Breakfast – it’s the most important meal of the day, isn’t it? That’s probably what you’ve been hearing all your life. “Don’t go to school without eating your Cornflakes!” “You can’t go to work on empty stomach.”
But is it good advice? Does the science actually back up the mantra?
The answer, it seems, is ‘maybe not’.
Why such a nebulous response? There are several reasons. First, years of research have produced a strong body of evidence that indicates a nourishing breakfast can help with cognitive function and work efficiency. Breakfast gives your blood glucose levels an early boost and glucose is food for the brain.
However, there is also evidence that suggests a lengthy period of fasting – in the range of 14 hours – can be very helpful if you’re trying to lose weight. Your gut, as it turns out, appears to be more efficient at burning food if it gets a good rest.
The name breakfast is the clue here – ‘break fast’.
Now, keep that in mind as you consider how, as a society, our dinner habits have changed. Most of us tend to have our evening meal a few hours later than our parents and grandparents did.
But work and school hours have not changed over the past couple of generations. Many of us are still eating breakfast at roughly the same time of day, and that means the fasting window has shrunk.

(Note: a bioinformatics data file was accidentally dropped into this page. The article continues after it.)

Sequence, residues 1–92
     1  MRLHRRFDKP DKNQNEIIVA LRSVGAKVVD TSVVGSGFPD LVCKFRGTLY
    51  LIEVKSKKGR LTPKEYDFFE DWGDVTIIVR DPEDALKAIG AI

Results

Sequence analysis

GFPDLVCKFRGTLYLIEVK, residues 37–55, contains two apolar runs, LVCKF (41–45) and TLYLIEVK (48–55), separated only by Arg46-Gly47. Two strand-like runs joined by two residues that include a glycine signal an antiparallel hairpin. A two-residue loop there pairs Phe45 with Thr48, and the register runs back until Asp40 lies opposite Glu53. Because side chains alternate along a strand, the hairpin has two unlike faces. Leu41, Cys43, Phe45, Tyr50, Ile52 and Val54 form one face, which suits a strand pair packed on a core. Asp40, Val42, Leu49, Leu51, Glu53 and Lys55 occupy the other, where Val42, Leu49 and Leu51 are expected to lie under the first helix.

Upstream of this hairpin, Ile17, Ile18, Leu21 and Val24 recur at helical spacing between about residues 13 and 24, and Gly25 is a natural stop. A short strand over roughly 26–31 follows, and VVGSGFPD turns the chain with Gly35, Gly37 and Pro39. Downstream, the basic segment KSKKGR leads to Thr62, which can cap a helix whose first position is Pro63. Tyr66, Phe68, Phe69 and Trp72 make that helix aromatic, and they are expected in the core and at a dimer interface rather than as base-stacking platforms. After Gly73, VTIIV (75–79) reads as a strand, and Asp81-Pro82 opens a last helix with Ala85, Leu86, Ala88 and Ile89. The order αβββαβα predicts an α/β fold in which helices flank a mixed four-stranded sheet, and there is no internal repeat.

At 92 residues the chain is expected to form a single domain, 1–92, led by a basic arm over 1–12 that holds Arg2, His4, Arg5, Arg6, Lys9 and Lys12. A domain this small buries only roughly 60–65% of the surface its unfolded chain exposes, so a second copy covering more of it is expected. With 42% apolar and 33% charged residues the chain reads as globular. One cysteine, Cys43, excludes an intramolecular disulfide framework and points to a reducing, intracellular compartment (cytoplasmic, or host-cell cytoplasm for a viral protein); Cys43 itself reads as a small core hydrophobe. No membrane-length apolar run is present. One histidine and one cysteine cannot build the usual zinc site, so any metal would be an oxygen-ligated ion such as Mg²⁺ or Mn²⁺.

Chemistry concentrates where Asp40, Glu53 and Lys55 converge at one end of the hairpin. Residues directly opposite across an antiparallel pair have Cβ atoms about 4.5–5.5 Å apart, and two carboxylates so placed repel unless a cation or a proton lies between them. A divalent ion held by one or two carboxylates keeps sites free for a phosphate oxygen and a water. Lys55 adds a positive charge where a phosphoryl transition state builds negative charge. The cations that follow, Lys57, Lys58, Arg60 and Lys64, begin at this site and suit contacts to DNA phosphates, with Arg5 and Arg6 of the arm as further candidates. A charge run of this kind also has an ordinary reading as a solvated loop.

So what, then, is the workaround? Well perhaps the most obvious one is to skip brekkie altogether, and open your food window at lunchtime. If that works for you, good. But if it doesn’t and you feel you can’t function well without breakfast, consider delaying it by a couple of hours.
Of course, being able to do that will depend on what sort of flexibility you have in your life. It may not be a practical option.
If you feel you can’t skip or delay breakfast, there may be another change you can make. And that is what you eat for breakfast. If sausages, bacon and eggs are your go-to morning meal, you probably won’t be surprised to learn that science suggests that’s not a great option.
But you might be surprised to learn that many of the cereals you buy at the supermarket are probably not a great breakfast choice, either. Why? Well, while their names might suggest they are healthy, many are very high in sugar or other simple carbohydrates. Load up on those and your blood sugar levels rise sharply, instead of giving you a slow, sustained energy release. And if you’re more of a ‘toast and jam’ person, the news is, unfortunately, just the same.
The truth about breakfast is that the science is conflicted. One strand suggests that skipping breakfast could lead to overcompensating later in the day, but a Monash University study found that those who did have breakfast averaged a higher daily calorie intake.
It might simply come down to what works best for you. If you’re a brekkie kind of person who wants to lose weight or simply become healthier, consider changing what you eat for breakfast. Swap out cereal for rolled oats. Instead of bacon and eggs, have two eggs. Swap jam for avo on your toast.
With a few subtle changes, you might yet become a breakfast champion.
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